My enlightened “You didn’t ask for it” advice to new parents: Kids don’t come with manuals.
Now that I’m entering the busiest several months of my entire year, I took a quick moment to take stock of my perceptions, emotions and realities.
Reality is this: I’m a mother of five, working a job I’d never considered, trying to make shit work in the chaos of my reality while having some quality of life as I do it.
Reality is also this: I fucking hate it, the “Everything”, on the less-than-stellar days.
Life is already hard enough managing the differing range of emotions, issues and activities facing any of my five younglings at any given moment.
Case in point:
I’ve a 19 year old son who has had an addiction struggle and is socially lagging with a side of Generalized Anxiety Disorder (GAD). He is currently navigating the rivers of pharmaceutical assistance and the issues that go along with doing so.
I’ve a 15 year old son who has behavioural difficulties (ODD) which result in verbal abuse thrown my way on erratic occasions…one minute awesome, one minute I want to Homer Simpson his punk ass. Plus, his intermittent “I’m a 15 year old jerkasuarus because my hormones are pretty ridiculous.” awesomeness.
My 9 year old daughter is in the throes of starting to distance herself from old friends as they navigate the drama that is pre-teen-ship. That boat is loaded with pre-pubescent firecrackers. Or, some days, cannon balls. Who knows. It’s like playing Russian Roulette with a sidearm of bling and bedazzlement, spiked with stabby glares of evil death.
I’ve 8 year old twin boys who are enduring the lagging skills that come with their journey through Language Learning Disability (LLD). Thing 1 is still working on comprehension issues while we figure out how to stop a condition in his middle ear (cholesteatoma) from spreading into and eroding the bones in his skull. Oh, and hope it helps his hearing loss.
Thing 2 is still overcome with the internal personalization of the Everything as he journeys through lagging skills in expressive and emotive expression. Things like, “I hate my life.” are prevalent. He also hits himself in the head. He tells me that “My brain doesn’t work.” Then, finding the extra resources to help him. The extra-extra resources. I’ve had to find them the resources to begin with. Issues like these are like rabbits…
Not only are these parenting challenges in and of themselves, but they exist within the reality that I’m fighting a life-threatening disease that has, in recent years, spread to my heart and kidneys. I recently underwent a chemotherapuetic drip (Rituxan, for those who know, as my friend put it, “The Ritz.”) to blow out my B cells. The hope is that over the two scheduled treatments, my B cells will regenerate to the “normal” level…AND STOP. Remember, Lupus is having an overactive immune system…so, no, echinacea is NOT a good thing to consume during cold and flu season.
I have to wear a lot of different hats on the very same day.
Every day no matter if I’m feeling “Happy.” or when I’m feeling very less-than-stellar. With chronic disease, the less-than-stellar often trumps the number of “Happy.”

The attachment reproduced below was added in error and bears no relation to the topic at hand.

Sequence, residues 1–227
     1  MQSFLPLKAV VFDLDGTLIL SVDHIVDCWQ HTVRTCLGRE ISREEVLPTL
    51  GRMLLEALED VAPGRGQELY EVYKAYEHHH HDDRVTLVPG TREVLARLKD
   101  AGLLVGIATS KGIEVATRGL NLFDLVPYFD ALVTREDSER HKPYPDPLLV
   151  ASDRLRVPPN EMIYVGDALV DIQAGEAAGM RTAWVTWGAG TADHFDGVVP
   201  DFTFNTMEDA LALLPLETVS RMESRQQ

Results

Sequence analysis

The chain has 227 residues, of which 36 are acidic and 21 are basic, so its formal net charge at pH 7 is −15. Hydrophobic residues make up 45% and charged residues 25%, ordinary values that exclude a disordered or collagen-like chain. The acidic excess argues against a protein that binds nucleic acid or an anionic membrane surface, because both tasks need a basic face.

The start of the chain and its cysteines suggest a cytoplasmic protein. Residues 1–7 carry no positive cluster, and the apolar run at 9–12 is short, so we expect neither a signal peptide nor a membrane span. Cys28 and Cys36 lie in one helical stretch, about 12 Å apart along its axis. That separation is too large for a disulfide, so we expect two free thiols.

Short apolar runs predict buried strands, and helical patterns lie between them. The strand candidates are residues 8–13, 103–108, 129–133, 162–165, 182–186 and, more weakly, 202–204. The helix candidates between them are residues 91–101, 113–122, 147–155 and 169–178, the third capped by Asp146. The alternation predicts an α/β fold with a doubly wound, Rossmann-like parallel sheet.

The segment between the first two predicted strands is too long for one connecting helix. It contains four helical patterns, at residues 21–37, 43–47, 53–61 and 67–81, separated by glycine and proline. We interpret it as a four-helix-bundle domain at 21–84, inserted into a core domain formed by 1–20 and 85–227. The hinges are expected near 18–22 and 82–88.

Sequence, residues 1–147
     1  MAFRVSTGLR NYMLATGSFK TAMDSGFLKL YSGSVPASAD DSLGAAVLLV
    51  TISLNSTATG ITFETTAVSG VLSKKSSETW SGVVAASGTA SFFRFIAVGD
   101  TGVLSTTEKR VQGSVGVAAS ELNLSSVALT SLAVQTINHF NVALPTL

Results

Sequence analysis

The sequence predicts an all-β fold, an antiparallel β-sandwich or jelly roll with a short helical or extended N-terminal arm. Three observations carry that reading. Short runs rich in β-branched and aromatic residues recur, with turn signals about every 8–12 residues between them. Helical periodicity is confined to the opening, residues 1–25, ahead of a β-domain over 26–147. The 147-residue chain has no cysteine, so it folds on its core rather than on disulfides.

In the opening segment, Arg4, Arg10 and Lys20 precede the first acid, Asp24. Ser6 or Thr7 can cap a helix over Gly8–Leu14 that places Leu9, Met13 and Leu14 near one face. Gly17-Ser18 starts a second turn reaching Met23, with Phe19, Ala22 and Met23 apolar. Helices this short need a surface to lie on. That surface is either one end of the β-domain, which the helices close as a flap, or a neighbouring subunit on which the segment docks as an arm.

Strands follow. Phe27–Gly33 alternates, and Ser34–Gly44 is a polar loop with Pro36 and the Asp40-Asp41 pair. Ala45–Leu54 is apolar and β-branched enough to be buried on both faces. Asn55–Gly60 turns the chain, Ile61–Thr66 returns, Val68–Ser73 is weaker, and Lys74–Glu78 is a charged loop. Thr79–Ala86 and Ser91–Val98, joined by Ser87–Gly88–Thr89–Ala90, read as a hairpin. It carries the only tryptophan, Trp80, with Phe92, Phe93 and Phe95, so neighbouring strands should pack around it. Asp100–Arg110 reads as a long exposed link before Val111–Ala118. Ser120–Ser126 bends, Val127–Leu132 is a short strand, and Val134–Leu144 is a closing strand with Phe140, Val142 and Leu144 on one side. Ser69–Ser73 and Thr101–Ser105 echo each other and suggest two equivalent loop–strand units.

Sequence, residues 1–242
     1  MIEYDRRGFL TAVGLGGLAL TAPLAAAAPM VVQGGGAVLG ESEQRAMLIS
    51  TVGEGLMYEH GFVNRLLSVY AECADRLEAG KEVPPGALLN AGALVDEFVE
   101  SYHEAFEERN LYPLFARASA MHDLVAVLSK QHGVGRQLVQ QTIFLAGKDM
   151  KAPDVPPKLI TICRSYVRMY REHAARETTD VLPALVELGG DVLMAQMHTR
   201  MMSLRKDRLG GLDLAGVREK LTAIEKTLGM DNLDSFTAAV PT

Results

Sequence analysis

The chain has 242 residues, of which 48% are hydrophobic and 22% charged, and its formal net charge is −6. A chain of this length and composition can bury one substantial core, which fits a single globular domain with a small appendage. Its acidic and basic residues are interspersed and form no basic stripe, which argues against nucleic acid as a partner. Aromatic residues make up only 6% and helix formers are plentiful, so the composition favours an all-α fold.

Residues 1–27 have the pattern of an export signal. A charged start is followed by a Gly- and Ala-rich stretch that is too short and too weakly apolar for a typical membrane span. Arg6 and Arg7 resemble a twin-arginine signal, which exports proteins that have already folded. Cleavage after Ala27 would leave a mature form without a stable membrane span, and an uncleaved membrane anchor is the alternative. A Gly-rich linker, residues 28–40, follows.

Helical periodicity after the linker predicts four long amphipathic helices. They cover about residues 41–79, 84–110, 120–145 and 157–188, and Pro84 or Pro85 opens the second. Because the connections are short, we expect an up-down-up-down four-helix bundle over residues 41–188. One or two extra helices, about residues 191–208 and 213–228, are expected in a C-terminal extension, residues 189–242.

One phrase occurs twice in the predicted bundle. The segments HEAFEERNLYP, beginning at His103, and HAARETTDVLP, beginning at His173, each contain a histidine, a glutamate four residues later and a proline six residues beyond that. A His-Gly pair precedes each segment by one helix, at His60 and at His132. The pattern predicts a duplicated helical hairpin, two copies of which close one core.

So, what then? How do I manage the plethora of hats and the “Everything.” that is “Me.”??
I sure as shit don’t do it very well, I can assure you. I cry.
I don’t know how to properly express my absolute need for self-care, but I take it, anyway.
There are many days I just “don’t want to.” At all. Like, when you go to bed and think, “Today would be a great relief to just not wake up. It’d be an awesome relief from the pain.”
And, I DO wake up. And it’s my responsibility to then decide how on earth to manage this day’s “Everything.”
Parenting is hard.
Parenting with a disease is even harder. There is a lot of guilt associated with my days. The activities I want to see my kids in, but can’t afford because having a full time OUT of the house job is a commitment I simply cannot make. I cannot commit to the time. I cannot pick and choose only some kids to do some things, while others do not.
I have to regularly try to answer questions like, “Why do you hurt all the time?” and my uber-fave, “Are you going to die?”
There are many resources that guide you on how to answer these kinds of non-glittered cannon balls launched at you when you’re at your worst…but they don’t cover the intensity (they could NEVER cover the intensity) of the guilt a parent feels when, no matter the honest answer, the look on your child’s face of “Sad.”
Burns a hole through your very soul.
I’ve adapted, as parents do. Or, should. I’ve come up with a few things I can still do with them when I’m having a less-than-stellar. Insta-family-movie-night is a good go-to.
Board games is another.
When my brain AND body are cooperating, we go to the field and throw a football or kick a soccer ball. That kind of thing. Science experiment kits for birthdays, or craft kits…are great to do not just for rainy days, but also for the less-than-stellars.
I’m exhausted, people. Truly, soul-hole kind of exhausted.
I don’t look forward to feeling like this today, tomorrow or the days after.
I do, however, keep on keepin’ on within the best of my abilities.
I do the best that I can with what I’ve been given, but by the gods I still “Do.”
Sometimes, it’s with a handful of M&M’s while watching a Cosmos show with a box of tissues. \m/